New research suggests sea lions are eating more salmon in the Columbia River than previously thought.

New research suggests sea lions are eating more salmon in the Columbia River than previously thought.

Courtesy of Oregon Department of Fish and Wildlife

California and Steller sea lions took a bigger bite out of last year’s salmon run than in any previous year, according to a new federal report.

2015 saw a bigger salmon run, with more than 239,000 Chinook and steelhead migrating past Bonneville Dam.

That year, the total number of salmon that sea lions ate was the largest ever recorded. The Army Corps of Engineers recorded more than 260 sea lions eating more than 10,000 fish from January to June 2015.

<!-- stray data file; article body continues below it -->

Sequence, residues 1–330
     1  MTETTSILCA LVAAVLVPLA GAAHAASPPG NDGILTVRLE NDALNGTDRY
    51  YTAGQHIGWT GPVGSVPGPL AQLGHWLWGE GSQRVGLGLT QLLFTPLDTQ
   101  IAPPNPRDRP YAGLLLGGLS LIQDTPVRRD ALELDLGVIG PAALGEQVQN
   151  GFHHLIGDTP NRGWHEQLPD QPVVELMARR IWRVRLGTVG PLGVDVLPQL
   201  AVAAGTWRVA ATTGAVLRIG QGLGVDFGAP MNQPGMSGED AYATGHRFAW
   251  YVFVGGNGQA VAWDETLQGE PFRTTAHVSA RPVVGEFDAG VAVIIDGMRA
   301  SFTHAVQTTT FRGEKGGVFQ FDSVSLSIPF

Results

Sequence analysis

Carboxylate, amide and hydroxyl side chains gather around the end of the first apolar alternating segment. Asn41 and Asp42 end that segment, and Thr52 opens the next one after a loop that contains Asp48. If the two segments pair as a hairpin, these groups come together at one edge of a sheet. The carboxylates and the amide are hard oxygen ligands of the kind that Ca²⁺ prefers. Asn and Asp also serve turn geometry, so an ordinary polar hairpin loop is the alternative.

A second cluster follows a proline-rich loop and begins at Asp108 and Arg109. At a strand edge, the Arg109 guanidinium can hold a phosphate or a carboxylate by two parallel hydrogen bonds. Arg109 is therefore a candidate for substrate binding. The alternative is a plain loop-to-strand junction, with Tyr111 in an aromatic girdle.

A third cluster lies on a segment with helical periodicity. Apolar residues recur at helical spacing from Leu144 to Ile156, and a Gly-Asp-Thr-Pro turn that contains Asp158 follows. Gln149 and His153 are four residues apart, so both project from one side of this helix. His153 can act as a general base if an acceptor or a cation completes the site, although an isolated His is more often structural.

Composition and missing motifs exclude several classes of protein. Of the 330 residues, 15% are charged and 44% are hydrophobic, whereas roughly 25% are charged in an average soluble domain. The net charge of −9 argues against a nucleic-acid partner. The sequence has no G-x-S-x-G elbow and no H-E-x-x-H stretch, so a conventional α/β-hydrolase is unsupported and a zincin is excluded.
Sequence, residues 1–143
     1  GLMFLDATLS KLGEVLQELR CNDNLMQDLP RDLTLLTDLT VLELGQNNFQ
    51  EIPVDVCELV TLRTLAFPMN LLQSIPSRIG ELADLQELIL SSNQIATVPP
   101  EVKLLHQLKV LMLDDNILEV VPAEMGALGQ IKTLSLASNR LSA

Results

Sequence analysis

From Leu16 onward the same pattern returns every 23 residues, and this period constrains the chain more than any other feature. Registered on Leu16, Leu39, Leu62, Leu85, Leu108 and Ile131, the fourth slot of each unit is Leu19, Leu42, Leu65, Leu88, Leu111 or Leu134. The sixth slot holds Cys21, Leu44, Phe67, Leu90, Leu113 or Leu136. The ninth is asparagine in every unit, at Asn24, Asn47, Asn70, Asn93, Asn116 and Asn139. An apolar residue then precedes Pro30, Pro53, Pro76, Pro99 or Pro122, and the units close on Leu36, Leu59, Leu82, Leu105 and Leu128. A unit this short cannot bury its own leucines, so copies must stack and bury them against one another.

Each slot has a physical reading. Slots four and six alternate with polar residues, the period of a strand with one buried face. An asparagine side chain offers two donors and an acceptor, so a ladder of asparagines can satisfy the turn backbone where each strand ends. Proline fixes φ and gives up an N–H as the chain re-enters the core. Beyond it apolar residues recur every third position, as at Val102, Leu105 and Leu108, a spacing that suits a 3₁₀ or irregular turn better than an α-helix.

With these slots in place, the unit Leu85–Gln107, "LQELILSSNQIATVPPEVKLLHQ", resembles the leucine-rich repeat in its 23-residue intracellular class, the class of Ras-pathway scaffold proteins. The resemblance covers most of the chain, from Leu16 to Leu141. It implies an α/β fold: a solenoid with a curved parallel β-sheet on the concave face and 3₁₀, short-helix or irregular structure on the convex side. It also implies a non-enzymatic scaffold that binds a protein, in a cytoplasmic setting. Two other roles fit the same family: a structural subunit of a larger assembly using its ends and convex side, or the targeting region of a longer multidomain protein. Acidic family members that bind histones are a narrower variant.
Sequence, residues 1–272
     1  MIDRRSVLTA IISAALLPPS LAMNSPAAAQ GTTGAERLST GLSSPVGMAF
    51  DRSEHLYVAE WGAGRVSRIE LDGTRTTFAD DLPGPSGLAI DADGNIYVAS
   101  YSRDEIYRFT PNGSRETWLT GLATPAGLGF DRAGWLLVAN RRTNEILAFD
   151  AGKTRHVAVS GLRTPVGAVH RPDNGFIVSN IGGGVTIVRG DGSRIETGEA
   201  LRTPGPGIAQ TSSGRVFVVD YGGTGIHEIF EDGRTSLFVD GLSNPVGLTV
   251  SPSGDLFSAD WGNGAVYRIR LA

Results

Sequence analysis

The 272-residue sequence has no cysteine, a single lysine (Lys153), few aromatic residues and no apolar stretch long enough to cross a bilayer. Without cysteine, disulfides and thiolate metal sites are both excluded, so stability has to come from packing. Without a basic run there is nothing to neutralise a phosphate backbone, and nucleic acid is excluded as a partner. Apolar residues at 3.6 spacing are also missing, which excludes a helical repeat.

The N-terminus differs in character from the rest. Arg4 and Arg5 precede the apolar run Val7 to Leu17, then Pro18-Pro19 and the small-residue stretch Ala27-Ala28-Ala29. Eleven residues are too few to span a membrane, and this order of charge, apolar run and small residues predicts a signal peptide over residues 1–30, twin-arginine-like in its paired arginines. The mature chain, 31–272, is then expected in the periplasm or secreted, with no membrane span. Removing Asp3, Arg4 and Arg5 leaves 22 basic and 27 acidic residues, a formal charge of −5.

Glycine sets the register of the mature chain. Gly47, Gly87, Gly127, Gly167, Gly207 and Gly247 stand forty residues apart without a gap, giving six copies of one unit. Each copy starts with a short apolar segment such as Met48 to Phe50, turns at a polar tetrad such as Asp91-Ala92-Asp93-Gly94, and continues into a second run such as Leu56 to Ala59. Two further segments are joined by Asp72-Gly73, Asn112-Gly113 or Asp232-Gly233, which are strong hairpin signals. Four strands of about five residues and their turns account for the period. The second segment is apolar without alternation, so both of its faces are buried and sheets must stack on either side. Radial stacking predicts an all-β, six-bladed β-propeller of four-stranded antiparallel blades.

A year after one of the largest runs in recent Columbia River history, the numbers of migrating salmon fell. 2015 recorded only about 154,000 of the migrating fish,  just below the 15-year average at the river’s westernmost dam. 
The 2016 salmon run was far smaller, but the sea lions’ appetite for salmon didn’t shrink much. They still ate more than 9,500 fish, nearly 6 percent of the run. That’s the largest share of the run eaten by the large marine mammals since Army Corps scientists started watching 15 years ago.

Corps officials acknowledge that the numbers only reflect what scientists observed on the water’s surface at the foot of Bonneville Dam, and doesn’t include what sea lions eat at other parts of the river, or consume underwater.

“Both California and Steller sea lions consume adult salmonids at the surface,” the Corps said in response to an emailed question from OPB.  “However, our estimates should be considered as minimum estimates.”

Oregon and Washington wildlife officers received federal authorization to kill California Sea Lions five years ago, as one of many efforts to restore declining salmon runs. Officials captured and euthanized dozens of the animals in 2016.